A Civic Imperative for Media Literacy

Moving teens from consumption to a use/action paradigm

Abby Kiesa and DC Vito, 22x20

At a recent event hosted by 22x20, a student visits the “Annotate the SOTU” station, and inserts her thoughts directly into the State of the Union speech an open Google doc — along with teens across the country.

Issues of media literacy rose to prominence during and after the 2016 presidential election, a context that illustrated the critical connection between media literacy and civic engagement efforts. While the two fields are often considered separately, their union enables a move beyond media and information consumption, into action. Unifying media literacy and civic engagement reinforces the reality that civic media and information about public issues exists for a purpose: expression, discussion, and informed action. Furthermore, centering the voices of youth at this intersection positions young people as civic actors, while centering media literacy as a critical civic skill. Young people deserve to be treated as agents of change in our communities — and our democracy needs them.

What does it mean for information and media about public issues to be engaged with and part of civic engagement?

We propose that a healthy civic relationship to information and media about public issues must reach beyond passive consumption in order to facilitate healthy engagement. Civic opportunity — clear and concrete opportunities to think about, discuss, and act on information, and confidence in that information and one’s ability to do something with it are critical to facilitate action.

To make this connection, one question is key: How does information about public issues influence opinion and help decide what actions are available and strategic? In order for media literacy to maximize its civic potential, those of us working with youth and supporting media literacy must situate these skills in conversation with available civic actions. Making these direct connections in our frameworks and programming deepens the civic potential of media literacy.

More directly supporting youth voice is also key to catalyzing the civic potential of media literacy. Media holds promise in helping youth negotiate how to engage in civic life. In their analysis of post-2016 election engagement online, Literat & Kligler-Vilenchik find that “youth use online creativity to (re)claim agency towards the political process, provide peers with social support or distraction, and (re)imagine the political.” Democracy needs all young people to see themselves as participants and for leaders and practitioners to ensure they have received messages supporting and welcoming their participation.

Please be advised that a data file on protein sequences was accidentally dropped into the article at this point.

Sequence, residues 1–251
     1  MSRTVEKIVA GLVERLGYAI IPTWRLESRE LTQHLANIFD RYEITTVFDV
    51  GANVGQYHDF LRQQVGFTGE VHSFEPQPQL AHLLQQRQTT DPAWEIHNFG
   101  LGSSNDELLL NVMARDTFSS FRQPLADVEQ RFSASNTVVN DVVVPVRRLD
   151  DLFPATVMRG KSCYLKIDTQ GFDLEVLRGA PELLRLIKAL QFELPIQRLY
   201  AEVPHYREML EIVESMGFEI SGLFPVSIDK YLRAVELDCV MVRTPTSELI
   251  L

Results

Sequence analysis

While regular news attention correlates with engagement, civic habits like news attention are generally built through exposure to those with existing habits and cultures of engagement. Therefore, attention may not become a habit if youth aren’t already exposed to or engaged in these cultures, or don’t see information about issues they care about in media. Lessons about media can help build habits only if they also build a path to engagement.

These young people are at the “What does it Meme?” station, creating memes about democracy and issues in their community. (Photo credit: 22x20)

How can we meaningfully engage youth?

Putting youth at the center of media literacy building efforts creates a clear pathway from learning to engagement (and vice versa). How educators frame media for students can help influence how young people view themselves as a part of democracy. Furthermore, establishing a space to express their voices on issues that matter to them helps young people form an active and collaborative role in civic engagement.

Other areas of education already utilize a youth-centered approach: the research-based Students at the Center framework shows that student “ownership” contributes to deeper learning. Kahne, Chi & Middaugh show that relevance to young people’s lives is helpful for achieving specifically civic outcomes. In this case, relevance meant a local focus and the opportunity to research and work on an issue the youth identified. Interactivity can also be critical to active civic outcomes for youth, and active pedagogies are particularly helpful for building youth efficacy.